"If he does this, this will definitely be the first time Trump has ever used the phrase 'pardon me,'" James Corden jokes.
Donald Trump got everyone's attention on Monday morning when he tweeted that he had the "absolute right" to pardon himself, but the comment raised some questions in late night. If he's done nothing wrong, as he also stated in that same tweet, then why bring this up at all? Plus, is it even true?
Add this to Trump's newest legal counsel Rudy Giuliani saying that the president couldn't be indicted even if he shot James Comey in an interview with The Huffington Post, and it starts to sound like Trump's legal team might think he's above the law altogether.
In a memo from Trump's team to Robert Mueller, it was also stated that they believe he shouldn't even be asked to testify as it would demean "the office of the president before the world." It all starts to sound a little full of itself, so Stephen Colbert, James Corden and Jordan Klepper took some time to start picking at the threads to see if their tenuous legal foundation would come apart.
As has been stated by numerous legal scholars, I have the absolute right to PARDON myself, but why would I do that when I have done nothing wrong? In the meantime, the never ending Witch Hunt, led by 13 very Angry and Conflicted Democrats (& others) continues into the mid-terms!— Donald J. Trump (@realDonaldTrump) June 4, 2018
"The Late Show with Stephen Colbert"
"Why are you bringing it up if you're not gonna do it?" Stephen Colbert said of the president's "pardon" tweet. "That's like a surgeon saying, 'It's just a routine appendectomy. Also, I could kill you at any time, but why would I do that? Okay, now count backwards from ten.'"
He then started to wonder where all of Trump's advisers had even come up with this theory; there's certainly no legal precedent for it. They cited the Constitution as granting Trump this power, so Colbert took a closer look there, right in Article II, Section 2.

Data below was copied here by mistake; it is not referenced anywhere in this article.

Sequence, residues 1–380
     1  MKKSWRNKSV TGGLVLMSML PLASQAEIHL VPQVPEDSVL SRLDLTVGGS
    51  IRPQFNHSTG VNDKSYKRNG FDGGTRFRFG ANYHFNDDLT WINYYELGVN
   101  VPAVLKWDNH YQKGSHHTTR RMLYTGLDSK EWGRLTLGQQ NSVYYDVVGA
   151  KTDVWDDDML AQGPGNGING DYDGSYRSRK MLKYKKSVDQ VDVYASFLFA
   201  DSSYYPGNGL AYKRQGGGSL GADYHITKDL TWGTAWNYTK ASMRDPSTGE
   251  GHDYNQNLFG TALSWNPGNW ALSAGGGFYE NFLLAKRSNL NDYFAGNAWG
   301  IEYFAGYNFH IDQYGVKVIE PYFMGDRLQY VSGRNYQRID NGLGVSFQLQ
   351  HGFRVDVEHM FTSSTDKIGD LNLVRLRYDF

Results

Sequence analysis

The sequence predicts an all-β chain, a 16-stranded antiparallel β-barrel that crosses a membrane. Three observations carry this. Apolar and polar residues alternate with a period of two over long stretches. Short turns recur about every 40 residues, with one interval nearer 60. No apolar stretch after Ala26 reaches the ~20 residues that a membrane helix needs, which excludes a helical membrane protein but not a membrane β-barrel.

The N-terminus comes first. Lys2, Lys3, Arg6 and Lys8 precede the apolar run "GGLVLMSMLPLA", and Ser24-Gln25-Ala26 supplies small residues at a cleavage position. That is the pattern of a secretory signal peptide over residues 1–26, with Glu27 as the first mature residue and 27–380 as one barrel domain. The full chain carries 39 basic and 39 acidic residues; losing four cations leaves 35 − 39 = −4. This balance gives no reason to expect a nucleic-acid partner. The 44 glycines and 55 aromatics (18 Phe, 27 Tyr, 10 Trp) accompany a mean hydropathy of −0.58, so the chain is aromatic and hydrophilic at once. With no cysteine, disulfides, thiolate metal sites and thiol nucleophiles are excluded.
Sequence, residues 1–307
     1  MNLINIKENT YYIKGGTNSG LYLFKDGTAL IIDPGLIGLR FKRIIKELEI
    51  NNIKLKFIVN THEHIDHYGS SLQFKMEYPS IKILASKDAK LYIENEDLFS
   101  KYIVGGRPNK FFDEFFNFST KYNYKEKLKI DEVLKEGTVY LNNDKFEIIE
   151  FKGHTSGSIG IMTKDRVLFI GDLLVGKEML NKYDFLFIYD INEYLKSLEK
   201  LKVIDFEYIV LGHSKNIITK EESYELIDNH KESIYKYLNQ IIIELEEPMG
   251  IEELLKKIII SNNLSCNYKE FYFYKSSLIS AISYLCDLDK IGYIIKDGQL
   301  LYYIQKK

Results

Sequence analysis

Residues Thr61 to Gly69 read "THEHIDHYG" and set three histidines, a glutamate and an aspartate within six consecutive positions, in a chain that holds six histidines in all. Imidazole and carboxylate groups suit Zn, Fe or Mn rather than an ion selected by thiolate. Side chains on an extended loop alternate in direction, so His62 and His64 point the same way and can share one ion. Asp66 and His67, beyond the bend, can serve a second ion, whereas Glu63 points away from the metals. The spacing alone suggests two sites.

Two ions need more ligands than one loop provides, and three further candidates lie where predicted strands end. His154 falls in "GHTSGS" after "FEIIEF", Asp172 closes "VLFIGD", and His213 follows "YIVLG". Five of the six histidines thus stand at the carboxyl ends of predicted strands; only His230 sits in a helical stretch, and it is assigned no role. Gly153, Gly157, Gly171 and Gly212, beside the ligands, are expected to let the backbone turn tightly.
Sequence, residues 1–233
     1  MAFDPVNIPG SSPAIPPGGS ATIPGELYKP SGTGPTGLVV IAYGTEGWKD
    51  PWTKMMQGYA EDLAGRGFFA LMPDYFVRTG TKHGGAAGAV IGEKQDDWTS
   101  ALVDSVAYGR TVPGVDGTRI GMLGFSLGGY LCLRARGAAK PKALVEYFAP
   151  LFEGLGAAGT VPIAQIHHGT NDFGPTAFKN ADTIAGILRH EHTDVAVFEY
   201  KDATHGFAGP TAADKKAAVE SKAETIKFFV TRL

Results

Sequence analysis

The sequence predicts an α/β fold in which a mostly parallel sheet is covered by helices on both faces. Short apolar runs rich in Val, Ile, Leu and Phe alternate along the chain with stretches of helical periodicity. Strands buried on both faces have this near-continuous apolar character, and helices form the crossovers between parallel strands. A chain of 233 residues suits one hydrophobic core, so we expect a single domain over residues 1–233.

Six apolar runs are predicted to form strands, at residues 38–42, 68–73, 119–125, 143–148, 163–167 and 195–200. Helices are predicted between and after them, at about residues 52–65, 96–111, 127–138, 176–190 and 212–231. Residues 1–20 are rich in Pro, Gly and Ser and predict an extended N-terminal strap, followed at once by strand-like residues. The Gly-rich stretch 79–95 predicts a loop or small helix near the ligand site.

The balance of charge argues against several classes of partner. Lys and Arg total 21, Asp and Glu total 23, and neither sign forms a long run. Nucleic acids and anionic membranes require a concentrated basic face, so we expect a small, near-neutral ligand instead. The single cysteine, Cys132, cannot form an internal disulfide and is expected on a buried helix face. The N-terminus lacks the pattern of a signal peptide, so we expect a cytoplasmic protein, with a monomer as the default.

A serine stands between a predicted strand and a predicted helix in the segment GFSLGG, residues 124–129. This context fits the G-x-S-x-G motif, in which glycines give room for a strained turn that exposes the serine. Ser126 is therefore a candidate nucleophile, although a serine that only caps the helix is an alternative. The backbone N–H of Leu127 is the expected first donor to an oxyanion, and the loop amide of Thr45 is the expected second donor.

"The President shall have Power to grant Reprieves and Pardons... which I guess, hypothetically, includes...himself? Huh. Is it too late to get that king back?" He might have been paraphrasing a little bit there.
Even more shocking for Colbert was Giuliani's claim that Trump couldn't be indicted even if he shot James Comey. "So there it is. The President can commit any crime he wants," Colbert marveled. "He's a one-man Purge. Which would make a great campaign slogan: 'Trump 2020. I Could Kill You in Your Sleep."
"The Late Late Show with James Corden"
James Corden could really only reach one conclusion after reading Trump's tweet. "If you're asking a bunch of legal scholars if you can pardon yourself in the event that you're found guilty of something, I'm gonna say you're probably guilty.
After thinking about it for a moment, he added, "Also, if he does this, this will definitely be the first time Trump has ever used the phrase 'pardon me.'"
With a wink to his audience, Corden joked, "I'm no legal scholar, but I've heard if you pardon yourself too much, you'll go blind."
"The Opposition with Jordan Klepper"
Jordan Klepper took that joke to its ultimate extreme with "citizen journalist" Kobi Libii talking about the challenges and potential rewards of self-pardon. It is absolutely NSFW audio, so we're going to make you watch it yourself if you want to find out just how far he went. Just remember, we did warn you.
The fake conservative pundit broke down the kernels of information revealed into a logical timeline. "Donald Trump didn't do anything!" he pointed out as the logical starting point. Trump said so himself in his tweet.
But Klepper went on. "If he did do something, it is so not a crime. But if it is a crime, he cannot be indicted. And if he were indicted, he can pardon himself." It all makes sense so far.
"Now, loser libs might call those moving the goal post, But they couldn't be more wrong," Klepper tried to clarify. "Trump isn't moving the goal post. That implies he only has one way to win. He's adding new goal posts!"
The only logical conclusion? "Trump has elevated the presidency so high that it's currently located above the law."